Tag Archives: holy spirit

The Power of a Sound Mind

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“For God hath not given us the spirit of fear; but of power, and of love, and of a sound mind.” (2 Timothy 1:7)

The gift spoken of in the previous verse is based on a transfer of authority from God, and we are exhorted to “stir up” that gift (2 Timothy 1:6) because God did not give us a “spirit of fear.” The word fear (deilia) stresses timidity or cowardice, not terror. The gift does not function well if we are too timid to use it.

The gift referred to is not power. That spiritual gift comes with dunamis—the innate ability to do the gift. Whatever the Holy Spirit has gifted us with upon our entrance into the Kingdom (1 Corinthians 12:11), that gift comes with the power necessary to implement and use that gift.

The gift also comes with love. Again, love is not the gift. It is only part of the fruit of the Holy Spirit that comes with the gift. Were it not for the reflection in us of the unilateral and sacrificial love of our Redeemer, these supernatural gifts could well be misused, distorted, and abused for personal glory. Diotrephes misused his gift, failing to use the spirit of love (3 John 1:9).

Sophronismos (sound mind) is a unique Greek word that is a combination of the verbs “to save” and “to control.” Its basic meaning would be “safe control” or “wholesome control”— perhaps even “control that saves”—the perfect combination of abilities that empower the gift, the love that keeps the gift focused on others, and the “safety controls” to keep it from doing damage unwittingly.

“As every man hath received the gift, even so minister the same one to another, as good stewards of the manifold grace of God” (1 Peter 4:10). HMM III

Our Power Source

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“And . . . the exceeding greatness of his power to us-ward who believe.” (Ephesians 1:19)

The power of the triune Creator, as displayed in the resurrection of Christ, is directed toward us! We can be certain we will never fully comprehend that, but the Scriptures provide several clear statements that will help us gain a small grasp on this magnificent resource.

• We receive power when the Holy Spirit indwells us (Acts 1:8). The Holy Spirit takes up residence in everyone who is twice-born (John 14:17) and is therefore readily accessible to all believers (Ephesians 3:20).
• We use the power of God every time we preach the gospel (Romans 1:16), whether to one person or to thousands (1 Corinthians 1:18).
• We learn of the power of God through “great and precious promises.” Indeed, those promises involve “all things that pertain unto life and godliness” (2 Peter 1:3-4).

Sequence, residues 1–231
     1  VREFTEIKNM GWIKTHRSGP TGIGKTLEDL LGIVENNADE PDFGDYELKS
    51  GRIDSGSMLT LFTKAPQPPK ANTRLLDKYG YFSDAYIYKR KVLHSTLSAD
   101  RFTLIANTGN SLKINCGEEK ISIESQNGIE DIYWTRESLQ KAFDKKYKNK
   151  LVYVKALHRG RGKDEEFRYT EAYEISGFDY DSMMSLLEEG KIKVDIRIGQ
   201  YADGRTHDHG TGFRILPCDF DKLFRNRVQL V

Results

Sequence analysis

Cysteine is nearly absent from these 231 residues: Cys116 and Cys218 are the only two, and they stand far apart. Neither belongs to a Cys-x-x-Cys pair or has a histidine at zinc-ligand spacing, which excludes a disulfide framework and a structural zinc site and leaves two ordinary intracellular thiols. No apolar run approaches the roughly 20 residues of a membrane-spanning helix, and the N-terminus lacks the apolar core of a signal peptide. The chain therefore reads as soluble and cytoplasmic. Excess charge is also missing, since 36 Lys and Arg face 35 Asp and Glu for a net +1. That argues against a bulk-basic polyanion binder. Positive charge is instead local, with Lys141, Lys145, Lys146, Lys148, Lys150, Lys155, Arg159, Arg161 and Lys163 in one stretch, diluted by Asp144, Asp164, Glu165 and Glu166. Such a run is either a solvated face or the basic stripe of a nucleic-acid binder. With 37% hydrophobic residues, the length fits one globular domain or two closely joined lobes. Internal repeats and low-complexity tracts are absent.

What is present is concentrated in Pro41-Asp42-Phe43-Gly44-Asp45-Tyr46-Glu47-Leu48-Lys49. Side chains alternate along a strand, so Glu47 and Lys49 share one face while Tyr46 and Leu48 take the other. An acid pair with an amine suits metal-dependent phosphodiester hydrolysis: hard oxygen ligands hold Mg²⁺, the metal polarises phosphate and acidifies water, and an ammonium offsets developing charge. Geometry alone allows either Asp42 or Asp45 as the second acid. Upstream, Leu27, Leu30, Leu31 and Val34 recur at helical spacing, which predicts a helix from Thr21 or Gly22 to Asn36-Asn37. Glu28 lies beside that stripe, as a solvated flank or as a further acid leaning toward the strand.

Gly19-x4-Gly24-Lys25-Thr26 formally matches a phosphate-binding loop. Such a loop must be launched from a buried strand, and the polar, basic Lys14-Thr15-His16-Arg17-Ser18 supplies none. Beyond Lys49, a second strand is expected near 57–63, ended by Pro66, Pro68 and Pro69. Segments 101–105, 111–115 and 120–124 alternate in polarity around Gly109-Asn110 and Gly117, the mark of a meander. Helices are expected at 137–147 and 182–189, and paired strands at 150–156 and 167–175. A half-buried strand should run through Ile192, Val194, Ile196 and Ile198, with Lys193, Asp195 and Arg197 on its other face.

• We see the results of the power of God in our lives when we are “strengthened with all might” so that we demonstrate “all patience and longsuffering with joyfulness” (Colossians 1:11).

The Lord desires “that [we] might be filled with all the fulness of God” (Ephesians 3:19) and “strengthened with might by his Spirit in the inner man” (v. 16). The purpose of this empowering is to be “rooted and built up in him, and stablished in the faith” (Colossians 2:7), “able to comprehend . . . the breadth, and length, and depth, and height; and to know the love of Christ, which passeth knowledge” (Ephesians 3:18-19). HMM III

Be Continually Filled With the Spirit

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“For he shall be great in the sight of the Lord, and shall drink neither wine nor strong drink; and he shall be filled with the Holy Ghost, even from his mother’s womb.” (Luke 1:15)

This prophecy of the angel Gabriel, bearing as it does a tremendous testimony to the character of John the Baptist, contains the first reference in the New Testament to the unique Christian doctrine of the filling of the Holy Spirit. John was the first Christian witness, directing his own disciples to Christ (John 1:35-37) and clearly preaching the gospel of salvation through Christ alone (John 3:26-36). It is significant that he was filled with the Holy Spirit all his life. Jesus is also said to have been full of the Holy Spirit (Luke 4:1) and was undoubtedly so filled from the time of conception (Psalm 22:10), but the explicit statement is made only of John.

The fullness of the Spirit is available for every believer, of course. In the New Testament, both of John’s parents were said to be so filled on a specific occasion (Luke 1:41, 67). The disciples of the Lord were filled with the Spirit many times (Acts 2:4; 4:31; 13:52). Peter was said to be filled with the Holy Spirit on at least one special occasion (Acts 4:8), and Paul at least twice (Acts 9:17; 13:9).

One of the qualifications sought in the first deacons was that they were to be men full of the Holy Ghost (Acts 6:3), and one of those chosen, Stephen, was specifically so described (Acts 6:5; 7:55). Barnabas was another Spirit-filled Christian believer (Acts 11:24). Undoubtedly there were many others. In fact, every believer is commanded to be “filled with the Spirit” (Ephesians 5:18). The reference in this key passage is not to a one-time event, but to frequent fillings. “Be continually being filled” is the literal rendering. HMM

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